Should cross burnings be protected as a form of free speech?

Should cross burnings be protected as a form of free speech?

Does sending of Obscene Material Over the internet Constitute the transportation of Obscene Material in Interstate Commerce?

This Article concerns the criminalization of cross burning. This act of
symbolic expression sometimes communicates hate, inspires fear of
impending bodily harm, expresses an ideology and solidarity with others,
or encompasses combinations of these. In 1991, Edward Cleary
defended a White juvenile, known in court documents as R.A.V., who 2
had burned a cross on the lawn of a Black family. In that litigation,
Cleary began his oral argument to the Supreme Court by posing this
question: To what degree does abhorrence of cross burning justify
banning it?3 That question still baffles us. Establishing appropriate
boundaries for the protection of speech that can both intimidate and
express an ideology constitutes a profound challenge for a progressive
society committed to the twin goals of free expression and civil order.4
When it was decided in 1992, R.A.V. v. City of St. Paul5 became the
most recent in a line of cases, reaching back six decades, that invited the
Court to demarcate the limits of the First Amendment’s protection for

  • Professor of Law, The Catholic University of America, Columbus School of Law.
  1. United States v. Rabinowitz, 339 U.S. 56, 69 (1950) (Frankfurter, J., dissenting).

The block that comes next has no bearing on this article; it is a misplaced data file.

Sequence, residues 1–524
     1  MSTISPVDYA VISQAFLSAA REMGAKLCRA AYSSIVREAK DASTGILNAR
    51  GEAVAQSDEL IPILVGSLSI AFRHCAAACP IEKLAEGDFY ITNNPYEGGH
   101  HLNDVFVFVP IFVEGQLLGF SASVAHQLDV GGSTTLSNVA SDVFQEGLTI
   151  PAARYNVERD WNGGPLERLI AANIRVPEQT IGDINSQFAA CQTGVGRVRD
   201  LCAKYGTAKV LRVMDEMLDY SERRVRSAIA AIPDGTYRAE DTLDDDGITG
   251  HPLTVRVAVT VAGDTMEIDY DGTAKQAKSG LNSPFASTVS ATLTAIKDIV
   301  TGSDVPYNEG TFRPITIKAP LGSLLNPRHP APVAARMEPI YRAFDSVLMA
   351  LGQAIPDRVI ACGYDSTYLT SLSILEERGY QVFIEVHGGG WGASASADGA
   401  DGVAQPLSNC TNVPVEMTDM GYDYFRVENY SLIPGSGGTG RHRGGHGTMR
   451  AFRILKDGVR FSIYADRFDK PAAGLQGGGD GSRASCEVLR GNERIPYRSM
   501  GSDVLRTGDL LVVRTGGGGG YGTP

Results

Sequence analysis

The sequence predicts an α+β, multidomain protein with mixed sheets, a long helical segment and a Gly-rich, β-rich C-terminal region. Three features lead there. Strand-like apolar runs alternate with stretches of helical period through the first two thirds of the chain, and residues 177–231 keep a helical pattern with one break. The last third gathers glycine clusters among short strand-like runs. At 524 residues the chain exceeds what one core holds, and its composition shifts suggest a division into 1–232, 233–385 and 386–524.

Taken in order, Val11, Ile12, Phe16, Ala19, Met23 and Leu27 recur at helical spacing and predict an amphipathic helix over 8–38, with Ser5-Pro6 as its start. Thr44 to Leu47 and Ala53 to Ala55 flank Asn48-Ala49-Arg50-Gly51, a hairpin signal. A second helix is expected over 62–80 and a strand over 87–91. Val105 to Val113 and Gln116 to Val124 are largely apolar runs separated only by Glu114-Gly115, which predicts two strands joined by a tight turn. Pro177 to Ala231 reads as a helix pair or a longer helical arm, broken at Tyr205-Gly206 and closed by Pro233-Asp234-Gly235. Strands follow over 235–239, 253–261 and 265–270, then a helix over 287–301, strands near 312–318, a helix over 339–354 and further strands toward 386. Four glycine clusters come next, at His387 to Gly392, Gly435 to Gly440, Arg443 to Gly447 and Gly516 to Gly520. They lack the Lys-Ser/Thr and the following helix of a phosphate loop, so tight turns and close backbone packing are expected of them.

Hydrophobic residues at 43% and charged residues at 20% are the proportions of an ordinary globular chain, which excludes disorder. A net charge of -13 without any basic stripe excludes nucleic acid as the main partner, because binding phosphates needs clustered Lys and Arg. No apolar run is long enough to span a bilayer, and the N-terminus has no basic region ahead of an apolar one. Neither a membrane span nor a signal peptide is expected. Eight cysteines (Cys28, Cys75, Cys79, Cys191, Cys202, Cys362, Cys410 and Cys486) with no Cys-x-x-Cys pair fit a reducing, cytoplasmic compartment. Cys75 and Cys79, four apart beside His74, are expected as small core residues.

2. See R.A.V. v. City of St. Paul, 505 U.S. 377, 378-79 (1992).
  3. See Transcript of Oral Argument, RAY. (No. 90-7675), 1991 WL 636263, at *3.
    Petitioner’s oral argument to the Court in the R.A. V. case began with the observation:
    Each generation must reaffirm the guarantee of the First Amendment with
    the hard cases. The framers understood the dangers of orthodoxy and
    standardized thought and chose liberty.
    We are once again faced with a case that will demonstrate whether or not
    there is room for the freedom for the thought that we hate, whether there is
    room for the eternal vigilance necessary for the opinions that we loathe.
    Id.
  4. See Thomas Scanlon, A Theory of Freedom of Expression, 1 PHIL. & PUB. AFF.
    204, 217-18 (1972) (explaining that this challenge arises at least in part because protecting
    freedom of expression sometimes conflicts with government’s prerogative and duty to
    enact laws designed to deter and punish threats of substantial harm to another).
  5. 505 U.S. 377 (1992).
    Catholic University Law Review [Vol. 54:1
    hate speech in general and “true ‘threat[s]”‘ in particular.6 As it had so
    often in the past, the Court in R.A.V. avoided the most difficult First
    Amendment questions.’ Indeed, for half a century the Court has resisted
    confronting the web of constitutional and political complexity hate
    speech creates-that is, until its 2003 decision in Virginia v. Black.”
    Through five separate opinions, none of which commanded a majority,
    the Court in Black upheld in part and struck down in part the Virginia
    ban on cross burning with an intent to intimidate.9 While hardly a model
    of clarity, the decisions in Black provide our best understanding yet of
    the constitutional protection accorded hate speech.